I've called them *both* Cassandra now.

> He simply calls one "41-like" and the other "41- and 53-like". So I

> guess you should just call them "29 and 41" and "41 and 53". Your

> entries say "p6" and "pp7-8" but they don't say of what.

Good proof reading! I'd formatted the links e-mail style instead of

HTML-style, and so they weren't showing through at all.

Graham

--- In tuning-math@y..., "Dave Keenan" <D.KEENAN@U...> wrote:

> > Perhaps no one has viewed it as such yet, but what if you take

the

> > generator of the 9-tone BP diatonic scale, and call that the

> > generator of the LT?

>

> So what are the generator,

5

> period,

3

> example ED3s.

13, 88, 271 . . .

--- In tuning-math@y..., "Paul Erlich" <paul@s...> wrote:

> --- In tuning-math@y..., "Dave Keenan" <D.KEENAN@U...> wrote:

>

> > > Perhaps no one has viewed it as such yet, but what if you take

> the

> > > generator of the 9-tone BP diatonic scale, and call that the

> > > generator of the LT?

> >

> > So what are the generator,

>

> 5

That can't be right. The generator has to be a supermajor third

(approx 7:9) MA optimum around 440 cents (1/3-BP-comma wide). BP-comma

is 243:245 = 3^5 : 5^1 * 7^2. So the mapping is

Prime No. Generators

----- --------------

5 2

7 -1

and possibly

2 7 (the optimum moves to 442 cents if you include this)

> > period,

>

> 3

Yes. As in approx 1902 cents.

> > example ED3s.

>

> 13, 88, 271 . . .

So these are wrong too.

Only 13-ED3 really makes any sense. Ignoring ratios of two, the next

better one is 160-ED3. If we include ratios of 2 the next better one

is 43-ED3. So any ED3 whose cardinality is of the form 13n+4 where n

is between 4 and 12, may be of interest.

MOS cardinalities for the BP linear-temperament go (not strictly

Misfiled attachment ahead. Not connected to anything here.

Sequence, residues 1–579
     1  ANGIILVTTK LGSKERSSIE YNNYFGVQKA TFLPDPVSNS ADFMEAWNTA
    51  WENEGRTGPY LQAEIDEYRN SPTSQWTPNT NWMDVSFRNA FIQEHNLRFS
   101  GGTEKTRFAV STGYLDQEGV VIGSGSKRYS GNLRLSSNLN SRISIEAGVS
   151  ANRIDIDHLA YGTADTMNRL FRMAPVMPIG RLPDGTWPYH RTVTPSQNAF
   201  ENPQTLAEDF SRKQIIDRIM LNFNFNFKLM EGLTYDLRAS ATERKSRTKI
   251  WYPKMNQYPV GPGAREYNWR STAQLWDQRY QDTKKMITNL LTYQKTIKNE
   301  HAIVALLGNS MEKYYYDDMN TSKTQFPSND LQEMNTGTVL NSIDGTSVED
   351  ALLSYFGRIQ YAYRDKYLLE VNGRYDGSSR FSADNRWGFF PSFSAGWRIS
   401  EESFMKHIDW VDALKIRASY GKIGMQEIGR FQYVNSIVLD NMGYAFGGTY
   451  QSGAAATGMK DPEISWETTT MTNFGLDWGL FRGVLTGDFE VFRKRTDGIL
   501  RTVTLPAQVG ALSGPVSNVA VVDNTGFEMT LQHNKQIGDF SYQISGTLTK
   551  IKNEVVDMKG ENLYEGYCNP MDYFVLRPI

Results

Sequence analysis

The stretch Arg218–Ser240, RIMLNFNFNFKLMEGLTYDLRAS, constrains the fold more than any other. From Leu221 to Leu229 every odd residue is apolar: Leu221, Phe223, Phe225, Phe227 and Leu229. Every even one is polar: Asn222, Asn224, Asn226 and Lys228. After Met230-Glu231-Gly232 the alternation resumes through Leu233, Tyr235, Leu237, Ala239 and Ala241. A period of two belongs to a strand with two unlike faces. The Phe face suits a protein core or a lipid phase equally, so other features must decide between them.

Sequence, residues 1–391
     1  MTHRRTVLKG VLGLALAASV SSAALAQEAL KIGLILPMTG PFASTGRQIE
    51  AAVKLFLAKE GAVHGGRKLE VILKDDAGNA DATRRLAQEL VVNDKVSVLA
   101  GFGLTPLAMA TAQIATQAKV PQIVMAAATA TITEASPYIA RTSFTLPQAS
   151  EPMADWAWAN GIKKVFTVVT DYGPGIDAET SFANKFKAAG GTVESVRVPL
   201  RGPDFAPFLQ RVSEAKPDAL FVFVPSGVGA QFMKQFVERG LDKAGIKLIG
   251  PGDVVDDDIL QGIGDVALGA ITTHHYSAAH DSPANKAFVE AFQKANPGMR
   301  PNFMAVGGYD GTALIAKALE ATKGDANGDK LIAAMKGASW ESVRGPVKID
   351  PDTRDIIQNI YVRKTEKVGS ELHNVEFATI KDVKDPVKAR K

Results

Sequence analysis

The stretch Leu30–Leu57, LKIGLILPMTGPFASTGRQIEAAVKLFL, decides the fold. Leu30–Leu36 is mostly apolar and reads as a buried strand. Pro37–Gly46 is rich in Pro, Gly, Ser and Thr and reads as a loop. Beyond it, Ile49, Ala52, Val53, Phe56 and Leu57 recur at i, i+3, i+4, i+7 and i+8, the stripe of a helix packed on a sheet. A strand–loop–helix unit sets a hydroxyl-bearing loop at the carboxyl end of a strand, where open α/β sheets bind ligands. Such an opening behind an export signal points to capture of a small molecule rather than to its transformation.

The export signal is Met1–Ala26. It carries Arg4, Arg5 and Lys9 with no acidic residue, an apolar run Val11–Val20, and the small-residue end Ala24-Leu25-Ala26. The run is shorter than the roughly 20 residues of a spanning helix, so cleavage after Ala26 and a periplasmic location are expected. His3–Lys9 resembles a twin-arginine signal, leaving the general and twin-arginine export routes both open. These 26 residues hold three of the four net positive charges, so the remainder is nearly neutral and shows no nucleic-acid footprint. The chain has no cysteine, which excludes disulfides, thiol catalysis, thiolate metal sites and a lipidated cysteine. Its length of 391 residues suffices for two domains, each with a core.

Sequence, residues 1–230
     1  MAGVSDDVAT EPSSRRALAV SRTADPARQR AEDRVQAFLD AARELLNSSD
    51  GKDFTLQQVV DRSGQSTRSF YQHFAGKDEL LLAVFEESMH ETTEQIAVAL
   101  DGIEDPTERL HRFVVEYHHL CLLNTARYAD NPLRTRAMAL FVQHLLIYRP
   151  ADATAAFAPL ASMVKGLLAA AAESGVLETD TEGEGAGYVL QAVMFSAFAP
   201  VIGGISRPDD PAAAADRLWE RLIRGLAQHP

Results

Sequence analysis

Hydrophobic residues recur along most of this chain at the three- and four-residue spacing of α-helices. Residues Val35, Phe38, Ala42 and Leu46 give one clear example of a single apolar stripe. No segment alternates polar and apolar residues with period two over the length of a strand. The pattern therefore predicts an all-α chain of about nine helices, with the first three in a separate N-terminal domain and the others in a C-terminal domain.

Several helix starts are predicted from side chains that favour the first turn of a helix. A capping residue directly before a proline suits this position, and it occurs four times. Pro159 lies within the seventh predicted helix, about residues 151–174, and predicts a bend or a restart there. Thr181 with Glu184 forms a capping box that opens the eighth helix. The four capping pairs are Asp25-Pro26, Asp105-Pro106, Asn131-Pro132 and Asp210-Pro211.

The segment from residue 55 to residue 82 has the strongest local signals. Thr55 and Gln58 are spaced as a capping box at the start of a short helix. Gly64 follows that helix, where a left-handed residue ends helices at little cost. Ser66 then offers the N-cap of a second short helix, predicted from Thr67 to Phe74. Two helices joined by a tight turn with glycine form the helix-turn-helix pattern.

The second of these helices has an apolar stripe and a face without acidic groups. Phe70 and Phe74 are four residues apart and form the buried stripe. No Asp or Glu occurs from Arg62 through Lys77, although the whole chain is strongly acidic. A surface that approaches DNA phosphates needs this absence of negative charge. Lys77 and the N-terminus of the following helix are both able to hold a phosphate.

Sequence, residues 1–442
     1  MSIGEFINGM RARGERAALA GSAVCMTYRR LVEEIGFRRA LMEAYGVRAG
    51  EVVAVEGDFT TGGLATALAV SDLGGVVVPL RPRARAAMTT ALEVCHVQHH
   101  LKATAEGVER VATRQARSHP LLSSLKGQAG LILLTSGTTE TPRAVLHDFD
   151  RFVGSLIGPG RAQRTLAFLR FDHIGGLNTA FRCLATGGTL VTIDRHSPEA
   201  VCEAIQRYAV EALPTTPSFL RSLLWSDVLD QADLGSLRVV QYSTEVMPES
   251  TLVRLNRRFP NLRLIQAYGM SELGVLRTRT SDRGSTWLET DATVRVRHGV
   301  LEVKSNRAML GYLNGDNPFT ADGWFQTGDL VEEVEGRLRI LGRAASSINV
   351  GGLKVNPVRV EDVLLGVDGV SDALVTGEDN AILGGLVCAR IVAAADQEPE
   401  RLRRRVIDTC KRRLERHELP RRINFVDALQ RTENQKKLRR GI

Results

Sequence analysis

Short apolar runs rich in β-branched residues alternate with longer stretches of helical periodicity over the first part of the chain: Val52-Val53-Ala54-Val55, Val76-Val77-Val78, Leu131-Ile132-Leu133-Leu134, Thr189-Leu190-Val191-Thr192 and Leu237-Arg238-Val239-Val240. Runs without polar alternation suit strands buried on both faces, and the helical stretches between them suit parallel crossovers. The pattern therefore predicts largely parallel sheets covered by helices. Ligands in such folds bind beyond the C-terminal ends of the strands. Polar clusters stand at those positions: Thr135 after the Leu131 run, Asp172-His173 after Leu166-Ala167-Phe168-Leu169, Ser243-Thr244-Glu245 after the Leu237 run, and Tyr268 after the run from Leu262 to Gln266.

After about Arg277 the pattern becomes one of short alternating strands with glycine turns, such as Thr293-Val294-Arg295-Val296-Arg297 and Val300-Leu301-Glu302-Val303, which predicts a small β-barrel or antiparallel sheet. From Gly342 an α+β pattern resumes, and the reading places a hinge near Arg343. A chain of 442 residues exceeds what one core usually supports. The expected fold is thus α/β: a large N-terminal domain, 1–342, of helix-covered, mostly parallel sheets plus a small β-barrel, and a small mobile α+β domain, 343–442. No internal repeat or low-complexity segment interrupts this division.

proper in paren.) 4 (5) (9) 13 (17) (30) ....

-- Dave Keenan

--- In tuning-math@y..., "Dave Keenan" <D.KEENAN@U...> wrote:

> --- In tuning-math@y..., "Paul Erlich" <paul@s...> wrote:

> > --- In tuning-math@y..., "Dave Keenan" <D.KEENAN@U...> wrote:

> >

> > > > Perhaps no one has viewed it as such yet, but what if you

take

> > the

> > > > generator of the 9-tone BP diatonic scale, and call that the

> > > > generator of the LT?

> > >

> > > So what are the generator,

> >

> > 5

>

> That can't be right. The generator has to be a supermajor third

> (approx 7:9) MA optimum around 440 cents (1/3-BP-comma wide). BP-

comma

> is 243:245 = 3^5 : 5^1 * 7^2. So the mapping is

>

> Prime No. Generators

> ----- --------------

> 5 2

> 7 -1

I'm glad I got you to find the right answer (my excuse for not

thinking about this myself is that I have had strep bacteria for two

weeks, but was only informed of this today, and just started

penicillin).

> and possibly

> 2 7 (the optimum moves to 442 cents if you include this)

No, you should absolutely not include this. There are no factors of 2

to be approximated by the BP scale as it is understood by any of its

creators.

>

> > > example ED3s.

> >

> > 13, 88, 271 . . .

>

> So these are wrong too.

With respect to the 9-tone diatonic BP scale, I see what you mean.

These are simply ED3s that approximate 2-less JI well.

Good work!

--- In tuning-math@y..., "D.Stearns" <STEARNS@C...> wrote:

> Paul Erlich wrote,

>

> <<No, you should absolutely not include this. There are no factors

of

> 2 to be approximated by the BP scale as it is understood by any of

its

> creators.>>

>

> I really don't know why I bother, but whatever... as I mentioned

> before I had a brief off-list correspondence with Heinz Bohlen that

> would seem to contradict the severity of Paul's -- "absolutely

not" --

> view, see:

>

> </tuning/topicId_unknown.html#25735>

Perhaps my view was too severe, but it definitely seems to contradict

the _spirit_ of the near-just approximations to all simple ratios of

odd numbers, since the approximations to simple ratios involving even

numbers are so poor.

>

> And while I'm at it... here's another previous post mentioning the

> linear temperament that 'no one's thought of BP as yet':

>

> </tuning/topicId_20880.html#20880>

You thought of it first! Why didn't you say so?